I know the relative path of a file, and want to be able to handle it as a File object on both Linux and Windows.

What is the best way to specify platform-independent paths in Java?


The File class contains the following public members that you can use for platform specific file paths:

static String pathSeparator:
The system-dependent path-separator character, represented as a string for convenience.
static char pathSeparatorChar:
The system-dependent path-separator character.
static String separator:
The system-dependent default name-separator character, represented as a string for convenience. static char separatorChar:
The system-dependent default name-separator character.

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    I tried using pathSeparator in my application, but on OS X, that's a colon (:). If you toss that into a file path, OS X will interpret it as a forward slash character within the folder name. ex: Instead of creating a folder named foo on the user's desktop, I accidentally created a folder literally named Desktop/foo in the user's home folder. Using a plain forward slash (/) works exactly as expected, however. – aapierce Aug 28 '15 at 16:36
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    This answer requires a better explanation. pathSeparator and pathSeparatorChar refer to the separator used in the system's PATH variable. The question is referring to file paths, not the PATH variable. Thus, separator and separatorChar should be used. – RossBille May 10 '16 at 0:34

Just use /. I've been using it for 20 years. Never a problem.

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    @Downvoter It is now 16 years and I've still never had a problem. Your point? – user207421 Mar 20 '13 at 21:03
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    If I am searching for a file in /opt/template using java, is this equivalent to c://opt/template in windows? – John Alexander Betts Nov 1 '13 at 20:59
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    @JohnB That will work but the correct form is c:/opt/... – user207421 Dec 25 '13 at 22:07
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    Would work until some new OS doesn't come up with new exotic path separator! Maybe even then it would work, if JVM can handle "/" to that specific OS path separator conversion! So, generally "/" is a safe choice, but using explicit path separator is future fool proofing. – Mohnish Jun 5 '14 at 18:35
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    @AechoLiu That's just another SO answer. No more authoritative than this in, which is at least evidence-based. A proper citation would be from the JLS or JVM Specification or the Javadoc. – user207421 Mar 30 '16 at 9:21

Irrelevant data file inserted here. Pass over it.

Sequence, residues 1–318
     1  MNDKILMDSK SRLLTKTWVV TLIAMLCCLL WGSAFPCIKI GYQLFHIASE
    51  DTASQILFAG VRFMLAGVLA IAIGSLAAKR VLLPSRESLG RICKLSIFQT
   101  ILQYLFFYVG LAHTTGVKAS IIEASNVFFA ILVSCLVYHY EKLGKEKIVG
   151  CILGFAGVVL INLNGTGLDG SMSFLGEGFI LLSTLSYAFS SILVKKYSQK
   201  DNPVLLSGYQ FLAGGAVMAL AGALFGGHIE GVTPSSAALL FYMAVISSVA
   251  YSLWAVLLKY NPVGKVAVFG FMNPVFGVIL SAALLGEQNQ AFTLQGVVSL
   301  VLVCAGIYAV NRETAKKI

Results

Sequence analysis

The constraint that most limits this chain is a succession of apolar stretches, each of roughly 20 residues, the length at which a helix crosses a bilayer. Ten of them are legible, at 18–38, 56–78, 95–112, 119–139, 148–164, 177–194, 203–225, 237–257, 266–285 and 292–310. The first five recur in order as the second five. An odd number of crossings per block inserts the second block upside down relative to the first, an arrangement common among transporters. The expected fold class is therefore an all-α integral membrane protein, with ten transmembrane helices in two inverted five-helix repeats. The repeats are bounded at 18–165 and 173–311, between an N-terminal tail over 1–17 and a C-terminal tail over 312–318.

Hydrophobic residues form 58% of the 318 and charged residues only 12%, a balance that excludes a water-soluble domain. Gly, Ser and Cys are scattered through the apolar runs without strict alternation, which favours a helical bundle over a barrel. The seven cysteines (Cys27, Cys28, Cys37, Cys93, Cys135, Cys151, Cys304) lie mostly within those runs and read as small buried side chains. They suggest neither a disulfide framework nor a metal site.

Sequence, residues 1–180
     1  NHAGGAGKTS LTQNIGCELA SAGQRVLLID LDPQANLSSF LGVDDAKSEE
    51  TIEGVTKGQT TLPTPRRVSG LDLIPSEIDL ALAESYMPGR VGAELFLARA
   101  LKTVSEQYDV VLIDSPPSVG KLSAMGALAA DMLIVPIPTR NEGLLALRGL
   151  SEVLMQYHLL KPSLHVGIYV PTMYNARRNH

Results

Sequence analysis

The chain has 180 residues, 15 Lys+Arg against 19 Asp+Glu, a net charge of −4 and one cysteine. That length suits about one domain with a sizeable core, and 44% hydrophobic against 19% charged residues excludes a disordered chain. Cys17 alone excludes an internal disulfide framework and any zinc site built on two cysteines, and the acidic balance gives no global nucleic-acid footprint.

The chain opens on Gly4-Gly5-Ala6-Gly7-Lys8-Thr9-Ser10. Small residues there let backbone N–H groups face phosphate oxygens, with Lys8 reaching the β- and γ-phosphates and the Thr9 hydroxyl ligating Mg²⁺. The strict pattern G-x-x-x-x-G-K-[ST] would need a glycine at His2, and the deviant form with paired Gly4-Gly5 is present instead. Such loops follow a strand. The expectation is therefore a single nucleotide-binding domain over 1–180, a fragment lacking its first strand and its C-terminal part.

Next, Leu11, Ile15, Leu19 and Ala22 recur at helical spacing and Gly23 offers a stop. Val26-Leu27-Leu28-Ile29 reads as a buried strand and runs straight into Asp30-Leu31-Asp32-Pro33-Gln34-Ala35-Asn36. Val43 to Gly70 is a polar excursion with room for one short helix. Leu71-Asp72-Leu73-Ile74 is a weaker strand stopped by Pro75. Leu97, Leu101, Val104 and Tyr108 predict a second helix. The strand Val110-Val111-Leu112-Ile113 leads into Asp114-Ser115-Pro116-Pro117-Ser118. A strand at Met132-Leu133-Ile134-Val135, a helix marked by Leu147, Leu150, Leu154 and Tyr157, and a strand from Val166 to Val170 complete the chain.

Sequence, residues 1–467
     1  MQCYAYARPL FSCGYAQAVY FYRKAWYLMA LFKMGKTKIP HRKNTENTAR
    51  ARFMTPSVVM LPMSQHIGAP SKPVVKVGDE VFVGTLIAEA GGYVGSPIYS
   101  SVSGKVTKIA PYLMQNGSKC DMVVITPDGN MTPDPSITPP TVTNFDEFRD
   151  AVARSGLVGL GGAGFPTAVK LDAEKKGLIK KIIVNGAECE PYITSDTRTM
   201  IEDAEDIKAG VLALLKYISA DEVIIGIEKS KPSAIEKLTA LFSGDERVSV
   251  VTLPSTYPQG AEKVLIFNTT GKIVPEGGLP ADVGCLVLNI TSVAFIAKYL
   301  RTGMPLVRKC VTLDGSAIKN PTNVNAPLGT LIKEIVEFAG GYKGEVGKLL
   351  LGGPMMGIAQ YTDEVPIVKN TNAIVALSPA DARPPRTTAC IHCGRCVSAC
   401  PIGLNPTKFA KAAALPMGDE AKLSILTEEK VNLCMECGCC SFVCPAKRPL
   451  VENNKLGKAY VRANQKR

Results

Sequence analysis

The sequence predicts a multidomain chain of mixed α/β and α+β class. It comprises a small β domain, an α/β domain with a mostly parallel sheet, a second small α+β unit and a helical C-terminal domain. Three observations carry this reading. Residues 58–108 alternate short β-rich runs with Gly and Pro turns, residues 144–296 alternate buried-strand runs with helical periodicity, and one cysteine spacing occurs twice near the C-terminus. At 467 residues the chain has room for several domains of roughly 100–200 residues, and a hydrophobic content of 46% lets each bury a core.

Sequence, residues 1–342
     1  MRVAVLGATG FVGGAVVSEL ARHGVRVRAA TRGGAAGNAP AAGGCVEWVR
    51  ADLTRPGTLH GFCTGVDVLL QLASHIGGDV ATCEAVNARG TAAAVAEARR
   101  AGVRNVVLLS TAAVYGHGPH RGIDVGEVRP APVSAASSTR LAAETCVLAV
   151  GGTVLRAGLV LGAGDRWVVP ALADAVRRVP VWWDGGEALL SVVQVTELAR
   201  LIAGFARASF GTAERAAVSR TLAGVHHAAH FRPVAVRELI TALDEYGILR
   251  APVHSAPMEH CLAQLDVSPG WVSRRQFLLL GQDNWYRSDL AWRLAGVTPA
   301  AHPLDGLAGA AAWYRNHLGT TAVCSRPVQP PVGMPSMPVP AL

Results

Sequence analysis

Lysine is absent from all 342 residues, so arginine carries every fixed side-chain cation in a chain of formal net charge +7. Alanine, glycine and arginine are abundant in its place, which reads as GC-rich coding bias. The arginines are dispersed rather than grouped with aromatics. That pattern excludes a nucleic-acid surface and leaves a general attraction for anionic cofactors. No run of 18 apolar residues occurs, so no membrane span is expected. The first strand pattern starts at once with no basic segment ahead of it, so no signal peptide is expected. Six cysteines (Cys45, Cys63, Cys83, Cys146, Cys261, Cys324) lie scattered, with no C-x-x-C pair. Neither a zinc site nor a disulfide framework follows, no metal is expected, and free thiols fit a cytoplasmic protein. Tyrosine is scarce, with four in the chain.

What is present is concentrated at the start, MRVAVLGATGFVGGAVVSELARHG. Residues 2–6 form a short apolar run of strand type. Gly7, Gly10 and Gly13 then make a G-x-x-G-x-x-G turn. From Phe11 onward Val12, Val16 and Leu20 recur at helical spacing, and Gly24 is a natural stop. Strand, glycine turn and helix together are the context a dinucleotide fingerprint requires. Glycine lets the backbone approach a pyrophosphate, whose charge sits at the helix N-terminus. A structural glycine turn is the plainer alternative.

You can use any path separator in Java, it will work on both Unix and Windows. If you still want to use the system path separator there is the File.separator property which will give you the right one depending on the current system.

For the root, you can use listRoots() which gives you an array of root, there will be only one element on Unix systems, and as many as you have drives on Windows.

  • pathSeparator will retrieve the platform specific separator between paths ( ';' for unix ':' for windows). I think separator is more appropriate in this case. – Jeroen Rosenberg Aug 23 '10 at 15:06
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    pathSeparator is the separator for different entries in the PATH environment variable. For the question, File.separator would be the correct choice. – Thomas Lötzer Aug 23 '10 at 15:07
  • Hum you're right the link is wrong but the answer was right. – Colin Hebert Aug 23 '10 at 15:12
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    "You can use any path separator in Java, it will work on both Unix and Windows." -- wrong. If you use backslash () on Unix, it will not be recognized as a file path separator, it will be interpreted as a file name (Unix file names are allowed to contain backslashes). – Neeme Praks Sep 25 '14 at 13:05
  • @ColinHebert The answer isn't right as long as it talks about path separators. – user207421 Jul 31 '16 at 2:09

You can use the static field File.separator to retrieve the platform specific separator character for file paths


Java is pretty smart about paths in File objects. I just use something like "../foo/bar" and it works in those two platforms plus MacOSX.


java 7 also supports the use of Paths here

The Path is obtained by invoking the getPath method of the default FileSystem.

You then may get a file from it by calling:

File fileSystemObtainedFile = Paths.get("C:\\foo\\bar.txt").toFile();

Personally, I like to use the Path class from Eclipse for handling paths in general, which you can just use standalone with few modifications as it's quite isolated.


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